Five Mistakes Beginner Architectural Photographers Should Avoid

Five Mistakes Beginner Architectural Photographers Should Avoid

Architecture Business

Starting a career in photography can be very challenging. I know that when I first started as an architectural photographer, I made a fair few mistakes that could have been avoided. Fortunately, those mistakes can serve as lessons for future architectural photographers.

1. Shooting With the Widest Available Lens

If you’re a real-estate photographer then shooting with the widest lens ever made might work. The requirements for real-estate are different and for this reason, trying to shoot architecture, in the same way, doesn’t always work. This is a mistake I’ve personally made too and for the most part, it came from a lack of confidence and skill. Due to the fact that I was uncertain and I hadn’t developed the skills to compose correctly, I would shoot with the widest lens I had. If you’re just starting out in architectural photography, I highly recommend against shooting with any lens wider than 24mm on a full-frame camera or 15mm on an APS-C camera. Extreme wide angle lenses come with their own challenges and if you’re not practiced enough they’re difficult to handle.

The image above was shot with the Fujifilm GFX and the Canon 17mm TS-E lens. For interiors, this combination is just far too wide and the perspective distortion makes for a terribly composed image. Almost everything that’s relatively close to the camera is distorted and stretched. Shooting with a longer focal length would help to correct the perspective. Shooting with a longer focal length also helps you focus your composition more effectively. What I do now is I start with a lens that’s around 45mm and then work my wider if required. This has helped me compose my shots far more effectively and composition is without a doubt the most important thing in architectural photography. Looking at the image below you’ll be able to see how shooting with even just a slightly longer focal length like the Canon 24mm TS-E prevents a lot of the perspective distortion. Personally, I think an even longer focal length would have worked better for the image below.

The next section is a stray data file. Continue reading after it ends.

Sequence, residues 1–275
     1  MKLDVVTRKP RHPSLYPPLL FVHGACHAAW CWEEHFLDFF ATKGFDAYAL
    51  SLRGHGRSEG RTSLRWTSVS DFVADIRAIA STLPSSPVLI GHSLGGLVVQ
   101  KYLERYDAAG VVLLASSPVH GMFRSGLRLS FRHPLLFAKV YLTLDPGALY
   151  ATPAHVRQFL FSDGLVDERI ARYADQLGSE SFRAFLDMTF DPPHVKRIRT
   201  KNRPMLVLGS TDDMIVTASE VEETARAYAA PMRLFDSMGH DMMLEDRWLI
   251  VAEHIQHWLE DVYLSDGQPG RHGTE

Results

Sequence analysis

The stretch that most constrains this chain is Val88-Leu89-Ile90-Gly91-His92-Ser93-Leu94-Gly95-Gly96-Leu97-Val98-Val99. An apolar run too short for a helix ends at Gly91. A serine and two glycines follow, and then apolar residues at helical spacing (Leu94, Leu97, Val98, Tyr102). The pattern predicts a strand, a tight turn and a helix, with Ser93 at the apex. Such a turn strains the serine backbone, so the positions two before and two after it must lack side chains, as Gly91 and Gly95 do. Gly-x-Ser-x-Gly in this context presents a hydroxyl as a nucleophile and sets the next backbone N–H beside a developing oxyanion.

2. Trying to Capture Everything in One Image

This point is directly linked to the one above. When I first started out the thing I struggled with the most (and still do) is composition. As discussed above this is the most important aspect in photography. If you can nail the composition you will almost always have a great image regardless of any other factor. When I first started out I would panic on shoots and try and rush through them. I didn’t have the confidence to take a moment and really look at what I was photographing. Instead, I’d shoot with my widest lens which at the time was the 17-40mm f/4.0L and try and get everything I can in every shot. Each section of the building or interior would be shot in a way that didn’t really give a flow of the place and instead I was just badly documenting the location. I can’t stress how important it is to take a moment to look at what you’re photographing properly. Really understand the location and take note of what areas need to be focused on. Chances are you’re probably going to be nervous on your first few shoots and taking those first few minutes to slow down can really help. Once again, starting with a longer focal length can be really useful to pinpoint areas of interest.